Stenger raised those concerns again on Monday at the council's first meeting of a special budget committee created after Dooley proposed his spending plan. In addition to raising questions about the revenue projections, Stenger said other budgetary items could be examined.
"I have about 30 items that I've identified that could be looked into, at a minimum, on the expenditure side for savings," Stenger said. "We're talking about things like ... energy savings, parkings savings, some fees that may or may not be collected on adjusted services. I have a whole lot of issues I'd like to raise there."
Dooley has a structural advantage in the budget battle. The council can only approve or disapprove the budget -- it cannot make line item changes as Congress or state government can. The council can, however, prompt Dooley to make changes.
"I'm always willing to work with them, but I haven't heard anything other than 'I don't like this,'" Dooley said. "Well, tell me what you do. We only have so money to spend."
Rich Dolesh, vice president for conservation and parks for the National Recreation and Park Association, said other governmental entities across the country have made cuts to parks.
"What's happening is, as general fund revenues are drying up, there's internal competition for those revenues for public service agencies," Dolesh said. "This is a long-term trend that won't reverse overnight. We haven't even seen the depth of it yet."
"Virtually every agency in the country is looking for new sources of revenue and new partnership potential and more ways of doing more with less," he added.
But no proposal, he said, equals what Dooley put forward. Most plans, Dolesh said, are "double digit" cuts occurring in successive years -- not all at once. "This type of [one-time cut] without warning and without really a full examination of alternative is pretty unprecedented," Dolesh said.
Dooley suggested several options to prevent park closures, including turning over the facilities to local and state entities or having a nonprofit group run certain parks. Some local leaders -- such as Fenton Mayor Dennis Hancock -- have had a lukewarm reaction to municipal partnerships. And while Gov. Jay Nixon issued a statement supporting state-county partnerships, the Democratic governor hasn't provided any details.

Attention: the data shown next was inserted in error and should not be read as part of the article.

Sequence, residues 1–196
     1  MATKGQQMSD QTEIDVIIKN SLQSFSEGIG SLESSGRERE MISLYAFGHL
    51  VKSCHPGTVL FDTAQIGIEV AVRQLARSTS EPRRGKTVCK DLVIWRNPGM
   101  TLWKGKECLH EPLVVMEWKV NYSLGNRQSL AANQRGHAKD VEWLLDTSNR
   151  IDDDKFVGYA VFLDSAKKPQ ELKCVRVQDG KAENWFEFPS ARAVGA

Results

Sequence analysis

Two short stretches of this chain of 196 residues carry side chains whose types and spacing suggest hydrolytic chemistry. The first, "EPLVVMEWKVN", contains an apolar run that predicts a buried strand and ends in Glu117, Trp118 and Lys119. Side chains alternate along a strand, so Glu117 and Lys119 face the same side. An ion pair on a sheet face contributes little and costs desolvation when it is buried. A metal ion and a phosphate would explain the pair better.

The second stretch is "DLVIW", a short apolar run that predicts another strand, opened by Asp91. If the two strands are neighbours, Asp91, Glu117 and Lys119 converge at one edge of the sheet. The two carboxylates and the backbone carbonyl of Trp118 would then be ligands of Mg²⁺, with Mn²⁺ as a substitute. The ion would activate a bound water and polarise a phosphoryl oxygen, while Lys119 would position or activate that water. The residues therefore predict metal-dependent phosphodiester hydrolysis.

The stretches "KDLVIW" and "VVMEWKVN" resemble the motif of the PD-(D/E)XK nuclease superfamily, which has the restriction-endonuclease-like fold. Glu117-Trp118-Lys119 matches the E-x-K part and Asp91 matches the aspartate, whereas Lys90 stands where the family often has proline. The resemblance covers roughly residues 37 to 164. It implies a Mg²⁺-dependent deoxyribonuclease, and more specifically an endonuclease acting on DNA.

Dolesh said an effort in California to turn state parks over to counties hasn't been well received. He said the state legislature there has approved a plan to close 70 of California's 270 parks.
"And maybe in times gone by, there might have been a lot of interest in (counties assuming control of the state parks)," Dolesh said. "There's very minimal interest in assuming the costs and liabilities and operating expenses."
From a statewide perspective, Neitzert said the proposal was jarring because no other county to her knowledge has embarked on a similar plan that involves such sweeping cuts to parks.
"Regardless of the financial challenges that exist not only in Missouri but around the country, to my knowledge this scale of closure has not been proposed in Missouri," Neitzert said. "St. Louis County is an active member of MPRA. And so, their assets and what they bring to the citizens of St. Louis County and those visitors outside the country are very valuable. So yes, it's distressing to think that these levels of resources could no longer be available."
St. Charles County, according to spokesman John Sonderegger, has no plans to emulate St. Louis County's directions on parks. He said a use tax brings in $5.5 million a year.
"No way in hell are we closing any parks," Sonderegger said.
Even though the cuts may be unpopular, Earls said, "I believe that (Dooley) has certainly stepped up and tried to do the courageous thing for the sake of the people in the county. Now, could we have taken something else out of the budget? We could have closed a police precinct, I guess. We could have reduced our investment in children through the family courts and/or our reform school out in West County. There are other alternatives certainly we can do."
"But as we compared parks versus those other alternatives, we always came down on the side of providing public safety, public health, public infrastructure at a much higher priority than providing those same parks," he added.
Dooley has sepnt a long time working his way up to a powerful position. From the late 1970s through the mid-1990s, Dooley was both a city councilman and a mayor in Northwoods.